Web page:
Photo: Jim McIsaac (Getty Images)

The New York Mets entered Monday night’s game against the Nationals with the National League’s best record, its sturdiest bullpen, and a way-too-early-to-matter 36 percent chance of winning their division. They carried a 6-1 lead into the eighth, then sent their fans home feeling awful thanks to the most Mets-ass inning imaginable. In a season in which just about everything has gone right, it served as a very special sneak preview of how spectacularly even a good thing can implode into its Mets-y opposite.

When he trotted out for the eighth inning, Jacob deGrom became the first Mets starter to throw a pitch that late in a game this season. That lack of length hadn’t mattered much, as the team’s bullpen had been virtually spotless over the season’s first two weeks. DeGrom allowed two singles and struck out Michael A. Taylor, and Mickey Callaway made his move. The Mets co-ace left after 103 pitches and with what looked like ample cushion for a win. The bullpen needed only to get five outs before giving up five runs, and even for a unit that’s almost certainly over-worked that didn’t seem too much to ask.

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It absolutely was. Seth Lugo spun four straight pitches outside the strike zone and gave way Jerry Blevins for what was supposed to be a superior match up with Bryce Harper. It wasn’t, as Harper knocked in two runs. Then it got bad.

That is, it went full-on catatonic Mets-ing, as A.J. Ramos struck out Ryan Zimmerman, loaded the bases, and then brought the Nats within two by walking former Mets demi-prospect Matt Reynolds to force in the third run of the inning. Jeurys Familia, who is a high-wire act coming into a fresh inning and a juggling unicyclist with runners on base, kept the line moving. He allowed a seeing-eye two-RBI single to Wilmer Difo that tied the game, plunked Moises Sierra to load the bases, and then walked Taylor—you remember him from earlier in the inning, three pitchers ago—to give the Nats the lead. Trea Turner lined out to left, ending a hilarious disaster of an inning. The towering homer that Hansel Robles served up to Howie Kendrick in the ninth was, by that point, relatively meaningless.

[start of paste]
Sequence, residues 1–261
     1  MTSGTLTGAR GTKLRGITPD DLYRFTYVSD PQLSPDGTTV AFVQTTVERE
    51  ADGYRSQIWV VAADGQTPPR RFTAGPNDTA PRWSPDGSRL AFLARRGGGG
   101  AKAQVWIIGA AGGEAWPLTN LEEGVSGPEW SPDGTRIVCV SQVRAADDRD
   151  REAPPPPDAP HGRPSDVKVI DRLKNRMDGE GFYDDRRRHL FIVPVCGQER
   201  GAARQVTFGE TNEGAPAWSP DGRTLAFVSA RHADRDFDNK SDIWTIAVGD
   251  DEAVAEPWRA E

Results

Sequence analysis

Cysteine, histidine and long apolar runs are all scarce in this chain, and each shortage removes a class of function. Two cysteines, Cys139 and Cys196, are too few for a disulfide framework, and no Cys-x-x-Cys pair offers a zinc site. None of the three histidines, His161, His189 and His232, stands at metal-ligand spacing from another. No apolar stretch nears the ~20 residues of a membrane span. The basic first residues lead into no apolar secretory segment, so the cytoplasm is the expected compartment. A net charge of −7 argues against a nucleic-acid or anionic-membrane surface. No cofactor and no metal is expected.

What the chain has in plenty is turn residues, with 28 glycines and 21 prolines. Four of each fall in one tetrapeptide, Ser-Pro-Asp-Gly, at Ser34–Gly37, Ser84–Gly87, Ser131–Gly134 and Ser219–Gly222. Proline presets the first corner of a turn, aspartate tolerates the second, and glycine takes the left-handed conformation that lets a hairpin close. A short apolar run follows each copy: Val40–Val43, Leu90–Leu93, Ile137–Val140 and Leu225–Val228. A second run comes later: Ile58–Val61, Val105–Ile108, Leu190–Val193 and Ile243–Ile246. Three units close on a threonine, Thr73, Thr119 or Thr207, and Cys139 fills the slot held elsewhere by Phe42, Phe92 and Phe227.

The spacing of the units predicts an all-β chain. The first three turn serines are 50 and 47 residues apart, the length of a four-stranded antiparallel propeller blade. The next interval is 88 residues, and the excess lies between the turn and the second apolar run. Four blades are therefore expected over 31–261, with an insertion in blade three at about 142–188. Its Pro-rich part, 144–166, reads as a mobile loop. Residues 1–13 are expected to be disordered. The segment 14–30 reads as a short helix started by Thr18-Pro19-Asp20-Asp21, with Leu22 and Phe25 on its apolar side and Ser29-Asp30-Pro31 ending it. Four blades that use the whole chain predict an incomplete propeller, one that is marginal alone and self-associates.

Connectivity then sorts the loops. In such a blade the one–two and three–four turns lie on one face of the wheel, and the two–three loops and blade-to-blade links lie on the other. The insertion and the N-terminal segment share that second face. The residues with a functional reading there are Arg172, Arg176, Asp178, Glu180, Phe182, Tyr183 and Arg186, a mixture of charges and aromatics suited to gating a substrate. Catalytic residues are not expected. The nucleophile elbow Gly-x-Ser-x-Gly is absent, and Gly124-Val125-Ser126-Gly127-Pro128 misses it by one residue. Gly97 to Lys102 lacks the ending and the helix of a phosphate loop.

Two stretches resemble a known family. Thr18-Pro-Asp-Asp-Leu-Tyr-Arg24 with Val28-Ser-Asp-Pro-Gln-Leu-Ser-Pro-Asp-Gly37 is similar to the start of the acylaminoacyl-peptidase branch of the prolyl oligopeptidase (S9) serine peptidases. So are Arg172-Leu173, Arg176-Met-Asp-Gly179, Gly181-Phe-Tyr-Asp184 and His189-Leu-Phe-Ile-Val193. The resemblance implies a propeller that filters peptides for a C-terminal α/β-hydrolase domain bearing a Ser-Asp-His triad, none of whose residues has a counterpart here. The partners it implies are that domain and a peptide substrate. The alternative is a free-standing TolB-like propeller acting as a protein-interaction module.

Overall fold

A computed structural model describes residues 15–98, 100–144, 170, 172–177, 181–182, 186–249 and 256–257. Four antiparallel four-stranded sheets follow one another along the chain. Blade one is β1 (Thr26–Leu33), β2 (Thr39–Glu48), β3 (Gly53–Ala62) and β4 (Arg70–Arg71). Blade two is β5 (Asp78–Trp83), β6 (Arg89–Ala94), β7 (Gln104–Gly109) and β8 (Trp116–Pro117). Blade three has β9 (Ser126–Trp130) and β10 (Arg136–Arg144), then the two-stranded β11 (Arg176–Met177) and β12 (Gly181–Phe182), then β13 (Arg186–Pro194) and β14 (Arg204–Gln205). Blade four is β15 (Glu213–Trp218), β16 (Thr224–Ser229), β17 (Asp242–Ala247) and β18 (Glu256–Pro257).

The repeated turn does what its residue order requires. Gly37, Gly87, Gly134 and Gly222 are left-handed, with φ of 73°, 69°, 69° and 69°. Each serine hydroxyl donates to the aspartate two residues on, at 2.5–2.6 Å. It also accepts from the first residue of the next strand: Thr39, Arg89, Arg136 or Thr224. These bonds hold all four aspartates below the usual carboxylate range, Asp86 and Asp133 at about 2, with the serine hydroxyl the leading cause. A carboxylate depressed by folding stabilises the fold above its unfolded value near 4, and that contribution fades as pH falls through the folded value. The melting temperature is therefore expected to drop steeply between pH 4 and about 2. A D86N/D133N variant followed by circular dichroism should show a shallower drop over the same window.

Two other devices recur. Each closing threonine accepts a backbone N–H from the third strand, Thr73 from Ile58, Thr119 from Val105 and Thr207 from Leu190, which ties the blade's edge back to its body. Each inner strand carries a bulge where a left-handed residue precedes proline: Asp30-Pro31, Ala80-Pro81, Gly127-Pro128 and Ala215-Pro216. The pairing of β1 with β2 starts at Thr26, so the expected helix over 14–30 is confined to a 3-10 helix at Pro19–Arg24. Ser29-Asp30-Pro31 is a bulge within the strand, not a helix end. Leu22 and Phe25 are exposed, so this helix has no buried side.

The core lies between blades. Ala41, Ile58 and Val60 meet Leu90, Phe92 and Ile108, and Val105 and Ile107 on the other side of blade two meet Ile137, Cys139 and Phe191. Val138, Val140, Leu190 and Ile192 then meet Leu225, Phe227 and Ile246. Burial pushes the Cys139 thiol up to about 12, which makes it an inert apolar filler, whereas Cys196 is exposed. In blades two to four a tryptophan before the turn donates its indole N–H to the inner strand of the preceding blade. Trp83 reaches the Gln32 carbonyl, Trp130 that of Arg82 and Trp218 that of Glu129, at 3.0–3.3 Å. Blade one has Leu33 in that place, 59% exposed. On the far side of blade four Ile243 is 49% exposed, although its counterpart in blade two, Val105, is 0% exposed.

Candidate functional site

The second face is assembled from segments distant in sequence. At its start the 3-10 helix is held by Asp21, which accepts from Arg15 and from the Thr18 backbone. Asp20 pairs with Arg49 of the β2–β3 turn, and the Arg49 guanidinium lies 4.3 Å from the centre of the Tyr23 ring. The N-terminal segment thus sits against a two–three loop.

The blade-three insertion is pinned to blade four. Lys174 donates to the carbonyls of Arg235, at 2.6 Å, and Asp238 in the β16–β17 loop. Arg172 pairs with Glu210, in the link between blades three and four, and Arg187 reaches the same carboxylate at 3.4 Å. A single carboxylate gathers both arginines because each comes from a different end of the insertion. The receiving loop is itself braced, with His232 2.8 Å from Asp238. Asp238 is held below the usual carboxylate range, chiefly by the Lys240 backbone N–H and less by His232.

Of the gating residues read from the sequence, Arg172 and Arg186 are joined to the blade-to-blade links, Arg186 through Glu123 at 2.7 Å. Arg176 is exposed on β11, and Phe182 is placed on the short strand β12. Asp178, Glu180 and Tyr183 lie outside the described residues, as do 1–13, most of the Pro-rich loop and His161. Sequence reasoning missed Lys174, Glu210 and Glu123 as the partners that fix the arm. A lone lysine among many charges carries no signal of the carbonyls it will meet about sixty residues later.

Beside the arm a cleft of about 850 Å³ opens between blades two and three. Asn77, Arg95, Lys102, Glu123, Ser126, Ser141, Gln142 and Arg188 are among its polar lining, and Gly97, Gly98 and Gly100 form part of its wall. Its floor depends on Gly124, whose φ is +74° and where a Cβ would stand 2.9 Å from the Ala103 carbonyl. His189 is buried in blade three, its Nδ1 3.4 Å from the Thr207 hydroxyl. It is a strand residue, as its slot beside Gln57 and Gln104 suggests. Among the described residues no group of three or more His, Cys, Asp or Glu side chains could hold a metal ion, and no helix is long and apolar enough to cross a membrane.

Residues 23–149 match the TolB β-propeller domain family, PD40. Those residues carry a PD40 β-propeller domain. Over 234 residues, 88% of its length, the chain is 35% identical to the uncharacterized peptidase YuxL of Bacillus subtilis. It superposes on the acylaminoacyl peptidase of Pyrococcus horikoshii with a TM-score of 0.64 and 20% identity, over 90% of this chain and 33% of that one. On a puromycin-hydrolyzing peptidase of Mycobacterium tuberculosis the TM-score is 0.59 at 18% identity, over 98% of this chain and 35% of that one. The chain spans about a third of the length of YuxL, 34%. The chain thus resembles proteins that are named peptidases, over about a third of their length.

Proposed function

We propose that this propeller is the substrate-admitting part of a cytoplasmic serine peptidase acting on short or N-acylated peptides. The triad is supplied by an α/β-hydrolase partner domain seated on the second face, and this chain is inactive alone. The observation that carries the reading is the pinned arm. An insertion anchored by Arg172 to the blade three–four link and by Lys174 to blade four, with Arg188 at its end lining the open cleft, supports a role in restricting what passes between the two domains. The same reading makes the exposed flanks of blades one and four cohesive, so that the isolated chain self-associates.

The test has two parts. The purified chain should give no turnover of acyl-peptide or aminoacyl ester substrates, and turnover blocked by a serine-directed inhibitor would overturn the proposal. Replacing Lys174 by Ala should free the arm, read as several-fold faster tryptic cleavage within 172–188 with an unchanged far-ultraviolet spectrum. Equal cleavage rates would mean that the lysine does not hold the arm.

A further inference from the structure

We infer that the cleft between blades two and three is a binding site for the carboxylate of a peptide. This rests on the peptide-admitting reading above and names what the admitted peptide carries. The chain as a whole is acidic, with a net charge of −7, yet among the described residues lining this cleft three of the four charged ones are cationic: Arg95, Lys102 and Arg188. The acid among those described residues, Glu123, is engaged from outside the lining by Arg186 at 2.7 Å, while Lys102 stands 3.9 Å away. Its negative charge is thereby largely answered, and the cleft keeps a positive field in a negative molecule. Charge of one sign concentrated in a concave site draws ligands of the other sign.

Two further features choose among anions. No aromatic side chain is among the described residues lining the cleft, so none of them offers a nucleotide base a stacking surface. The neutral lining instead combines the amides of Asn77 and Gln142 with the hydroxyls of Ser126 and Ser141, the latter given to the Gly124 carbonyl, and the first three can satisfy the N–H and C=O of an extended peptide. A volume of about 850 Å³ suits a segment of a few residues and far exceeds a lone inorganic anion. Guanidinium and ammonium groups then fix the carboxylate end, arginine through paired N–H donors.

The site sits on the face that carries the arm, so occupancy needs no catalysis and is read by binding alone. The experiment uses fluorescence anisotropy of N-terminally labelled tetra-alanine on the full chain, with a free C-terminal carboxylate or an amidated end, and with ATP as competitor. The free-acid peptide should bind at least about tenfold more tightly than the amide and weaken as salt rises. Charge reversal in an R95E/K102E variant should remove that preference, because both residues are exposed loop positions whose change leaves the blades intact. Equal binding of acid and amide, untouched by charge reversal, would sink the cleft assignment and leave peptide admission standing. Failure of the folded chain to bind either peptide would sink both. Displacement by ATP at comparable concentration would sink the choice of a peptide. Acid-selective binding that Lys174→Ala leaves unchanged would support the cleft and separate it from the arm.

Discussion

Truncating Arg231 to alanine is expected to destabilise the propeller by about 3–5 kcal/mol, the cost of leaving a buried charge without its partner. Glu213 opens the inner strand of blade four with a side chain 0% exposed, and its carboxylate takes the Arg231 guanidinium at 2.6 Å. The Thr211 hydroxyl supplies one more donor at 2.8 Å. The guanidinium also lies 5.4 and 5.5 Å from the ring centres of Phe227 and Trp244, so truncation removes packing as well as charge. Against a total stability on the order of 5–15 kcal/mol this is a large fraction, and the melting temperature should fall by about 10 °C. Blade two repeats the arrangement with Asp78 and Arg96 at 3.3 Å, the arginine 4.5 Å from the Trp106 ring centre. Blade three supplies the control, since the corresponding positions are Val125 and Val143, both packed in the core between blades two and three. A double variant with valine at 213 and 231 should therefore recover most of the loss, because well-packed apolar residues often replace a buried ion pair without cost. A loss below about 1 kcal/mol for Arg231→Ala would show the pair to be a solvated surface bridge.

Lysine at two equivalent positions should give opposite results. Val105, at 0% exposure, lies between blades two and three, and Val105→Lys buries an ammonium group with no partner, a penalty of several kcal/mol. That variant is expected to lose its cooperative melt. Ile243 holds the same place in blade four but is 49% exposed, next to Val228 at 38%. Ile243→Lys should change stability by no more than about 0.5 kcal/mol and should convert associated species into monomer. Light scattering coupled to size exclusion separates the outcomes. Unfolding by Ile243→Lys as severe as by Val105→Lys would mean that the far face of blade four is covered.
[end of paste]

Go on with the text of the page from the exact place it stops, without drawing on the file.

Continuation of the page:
There are takeaways, and there aren’t: the first dozen or so games notwithstanding, the Mets probably do not have the league’s best bullpen, which is something everyone knew going into the season. Said bullpen is also not so awful that it will require four pitchers to rescue an inning again this year. Hansel Robles will definitely never stop pointing at fly balls as they crest over the left centerfield wall. This bleak fraction of a game tells us little, just as the happier fraction of a season already in the books doesn’t mean the Mets will fulfill their current 87-win projection. All of that said: it seemed really bad.

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Almost everything’s gone just right for the Mets so far, save for sliding down the depth chart at catcher. They’ve dodged Scherzer twice already, got Michael Conforto back early, and seem to have found a viable bullpen weapon in semi-busted starter Robert Gsellman, and have won nine more games than they’ve lost. Even the most strident Mets optimists—they’re out there, presumably—could expect for some natural regression. That’s all easier to imagine than to watch, though, and Monday was a reminder of just how quickly it can all go wrong, and what it looks like when it does.